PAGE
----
I want to share something that’s both good and bad: you can’t make a difference alone. The bad part is that you won’t receive any glory for it. The good part is that you don’t need to carry a burden too heavy for you. If you can make a difference, be a light and shift the atmosphere on your campus, it is purely because Jesus lives in you. It’s Him who makes the difference, through you. To welcome the supernatural is to agree to work with Him. When you come across a shocking situation, ask God what to do… and do it. When he speaks to you about someone, go share what you heard from God. When He points out someone at the library, start a conversation with them. Walking in the supernatural is something learned and grown. If you don’t welcome this dimension and if you don’t take the first steps, don’t expect to see the supernatural grow in your life. Jesus is a gentleman, He will never force you!

5. Get involved on your campus

Students who have adopted that passive approach to their season at university usually don’t get involved on their campuses. They are just passing visitors, taking what they need and leaving again. They are more like tourists than ambassadors. I’m not telling you to get involved in every group and every activity, but rather to show up and participate in campus life, meet people, try to create relationships. This is even more important if you come from out of town or if you go away to study. Jesus surrounded Himself with people, He got involved in the world and His culture so that He could have an impact. You can’t stay outside of campus and expect to make a difference. This means staying after class a few times each week. Invest in your social life, meet other students in your department, go to a public debate… you name it, but get involved!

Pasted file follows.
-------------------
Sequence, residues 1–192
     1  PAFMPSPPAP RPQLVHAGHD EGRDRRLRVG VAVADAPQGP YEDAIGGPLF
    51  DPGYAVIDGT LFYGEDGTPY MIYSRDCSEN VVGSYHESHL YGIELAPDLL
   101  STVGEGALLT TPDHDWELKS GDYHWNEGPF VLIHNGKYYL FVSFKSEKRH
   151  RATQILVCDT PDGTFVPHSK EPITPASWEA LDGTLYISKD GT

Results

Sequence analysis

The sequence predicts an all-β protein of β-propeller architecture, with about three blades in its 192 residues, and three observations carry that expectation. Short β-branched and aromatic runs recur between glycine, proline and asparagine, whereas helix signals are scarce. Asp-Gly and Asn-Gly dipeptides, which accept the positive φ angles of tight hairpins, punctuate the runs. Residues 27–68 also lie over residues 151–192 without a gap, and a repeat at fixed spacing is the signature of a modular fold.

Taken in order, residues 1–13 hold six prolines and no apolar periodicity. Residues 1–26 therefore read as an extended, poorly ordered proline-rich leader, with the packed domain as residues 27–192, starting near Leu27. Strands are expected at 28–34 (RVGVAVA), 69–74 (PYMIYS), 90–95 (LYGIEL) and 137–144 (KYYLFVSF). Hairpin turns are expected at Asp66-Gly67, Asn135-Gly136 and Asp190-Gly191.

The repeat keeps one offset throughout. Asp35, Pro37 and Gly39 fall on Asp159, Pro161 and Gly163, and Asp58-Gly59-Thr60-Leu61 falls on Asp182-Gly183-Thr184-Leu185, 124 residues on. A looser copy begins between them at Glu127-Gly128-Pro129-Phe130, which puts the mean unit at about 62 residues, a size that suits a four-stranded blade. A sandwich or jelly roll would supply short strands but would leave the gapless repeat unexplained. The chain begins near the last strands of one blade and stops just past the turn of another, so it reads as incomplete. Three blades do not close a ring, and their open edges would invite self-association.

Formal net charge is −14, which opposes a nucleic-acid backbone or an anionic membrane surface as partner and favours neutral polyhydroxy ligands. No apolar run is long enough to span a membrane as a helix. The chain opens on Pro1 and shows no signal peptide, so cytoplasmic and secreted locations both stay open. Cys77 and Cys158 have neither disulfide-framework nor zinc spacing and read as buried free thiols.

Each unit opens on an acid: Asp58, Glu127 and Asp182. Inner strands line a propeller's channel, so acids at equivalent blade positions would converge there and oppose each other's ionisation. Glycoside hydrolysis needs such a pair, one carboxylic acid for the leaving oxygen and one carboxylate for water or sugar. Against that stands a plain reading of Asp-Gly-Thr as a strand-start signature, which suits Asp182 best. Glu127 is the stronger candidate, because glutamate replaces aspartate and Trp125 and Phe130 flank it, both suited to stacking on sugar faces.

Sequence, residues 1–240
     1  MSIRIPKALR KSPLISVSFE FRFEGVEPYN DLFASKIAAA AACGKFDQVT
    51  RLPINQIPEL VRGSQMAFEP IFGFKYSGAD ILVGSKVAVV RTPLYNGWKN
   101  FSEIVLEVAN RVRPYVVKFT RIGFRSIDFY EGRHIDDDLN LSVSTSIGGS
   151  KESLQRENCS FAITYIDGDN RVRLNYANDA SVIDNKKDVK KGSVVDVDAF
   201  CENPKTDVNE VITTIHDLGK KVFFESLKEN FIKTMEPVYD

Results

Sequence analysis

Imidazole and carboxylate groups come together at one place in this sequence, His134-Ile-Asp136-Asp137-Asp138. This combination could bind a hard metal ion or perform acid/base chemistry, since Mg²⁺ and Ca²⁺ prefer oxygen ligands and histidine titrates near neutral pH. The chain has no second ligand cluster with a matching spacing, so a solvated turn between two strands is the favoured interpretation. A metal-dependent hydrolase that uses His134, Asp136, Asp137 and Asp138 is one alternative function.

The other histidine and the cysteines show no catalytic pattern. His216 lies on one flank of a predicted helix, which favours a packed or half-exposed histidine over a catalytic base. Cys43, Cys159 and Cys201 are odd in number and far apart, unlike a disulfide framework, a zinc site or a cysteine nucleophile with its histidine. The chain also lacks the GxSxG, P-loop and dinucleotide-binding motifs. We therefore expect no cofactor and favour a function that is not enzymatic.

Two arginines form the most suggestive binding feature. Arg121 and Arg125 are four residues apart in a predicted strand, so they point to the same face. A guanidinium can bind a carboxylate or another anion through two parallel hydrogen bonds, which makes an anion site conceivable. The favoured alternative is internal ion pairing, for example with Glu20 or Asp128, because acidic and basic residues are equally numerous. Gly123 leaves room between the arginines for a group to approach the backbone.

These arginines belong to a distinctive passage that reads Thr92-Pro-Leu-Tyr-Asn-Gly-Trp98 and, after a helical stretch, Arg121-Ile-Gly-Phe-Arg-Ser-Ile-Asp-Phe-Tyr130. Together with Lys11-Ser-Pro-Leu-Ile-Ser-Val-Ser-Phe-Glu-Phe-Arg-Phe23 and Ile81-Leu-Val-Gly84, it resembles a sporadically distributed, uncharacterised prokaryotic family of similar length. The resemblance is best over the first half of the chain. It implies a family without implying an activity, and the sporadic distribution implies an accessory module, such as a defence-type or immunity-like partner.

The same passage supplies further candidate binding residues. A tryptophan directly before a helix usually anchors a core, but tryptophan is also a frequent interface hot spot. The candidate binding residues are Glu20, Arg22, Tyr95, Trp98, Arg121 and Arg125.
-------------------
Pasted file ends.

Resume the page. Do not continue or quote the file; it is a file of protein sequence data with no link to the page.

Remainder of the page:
I believe that your years in university are called to be special, that you are called to make a difference where God has placed you, and that is especially true for your campus. You are called to be salt and light, an ambassador and you can’t simply trudge through these years as if they are a burden, a waste of time on the path of life, or a necessary evil. Oh, and by the way, beware of tomorrow… You have no control over it, so live today and be who God says you are, here and now.


Yves is based in Lausanne, Switerzland where he leads Home church with his wife Janet. He is part of the core leadership team of Campus Awakening and heads up all we are building in the French-speaking nations of Europe.